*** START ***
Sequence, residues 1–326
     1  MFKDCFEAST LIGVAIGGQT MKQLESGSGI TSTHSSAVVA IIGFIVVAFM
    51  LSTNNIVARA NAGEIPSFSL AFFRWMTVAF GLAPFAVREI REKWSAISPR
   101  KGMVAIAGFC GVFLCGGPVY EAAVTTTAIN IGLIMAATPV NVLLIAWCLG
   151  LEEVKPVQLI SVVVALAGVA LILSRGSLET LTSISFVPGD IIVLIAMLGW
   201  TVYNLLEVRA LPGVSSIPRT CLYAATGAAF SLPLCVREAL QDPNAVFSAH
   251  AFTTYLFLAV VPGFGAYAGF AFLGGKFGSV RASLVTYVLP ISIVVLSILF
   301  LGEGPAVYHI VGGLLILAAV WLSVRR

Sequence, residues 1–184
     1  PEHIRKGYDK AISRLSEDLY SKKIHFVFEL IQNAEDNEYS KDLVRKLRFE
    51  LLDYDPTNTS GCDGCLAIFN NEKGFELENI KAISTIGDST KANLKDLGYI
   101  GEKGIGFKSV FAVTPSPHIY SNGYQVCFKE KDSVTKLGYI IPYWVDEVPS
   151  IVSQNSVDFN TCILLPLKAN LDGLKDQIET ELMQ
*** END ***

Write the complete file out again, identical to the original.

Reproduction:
Sequence, residues 1–326
     1  MFKDCFEAST LIGVAIGGQT MKQLESGSGI TSTHSSAVVA IIGFIVVAFM
    51  LSTNNIVARA NAGEIPSFSL AFFRWMTVAF GLAPFAVREI REKWSAISPR
   101  KGMVAIAGFC GVFLCGGPVY EAAVTTTAIN IGLIMAATPV NVLLIAWCLG
   151  LEEVKPVQLI SVVVALAGVA LILSRGSLET LTSISFVPGD IIVLIAMLGW
   201  TVYNLLEVRA LPGVSSIPRT CLYAATGAAF SLPLCVREAL QDPNAVFSAH
   251  AFTTYLFLAV VPGFGAYAGF AFLGGKFGSV RASLVTYVLP ISIVVLSILF
   301  LGEGPAVYHI VGGLLILAAV WLSVRR

Sequence, residues 1–184
     1  PEHIRKGYDK AISRLSEDLY SKKIHFVFEL IQNAEDNEYS KDLVRKLRFE
    51  LLDYDPTNTS GCDGCLAIFN NEKGFELENI KAISTIGDST KANLKDLGYI
   101  GEKGIGFKSV FAVTPSPHIY SNGYQVCFKE KDSVTKLGYI IPYWVDEVPS
   151  IVSQNSVDFN TCILLPLKAN LDGLKDQIET ELMQ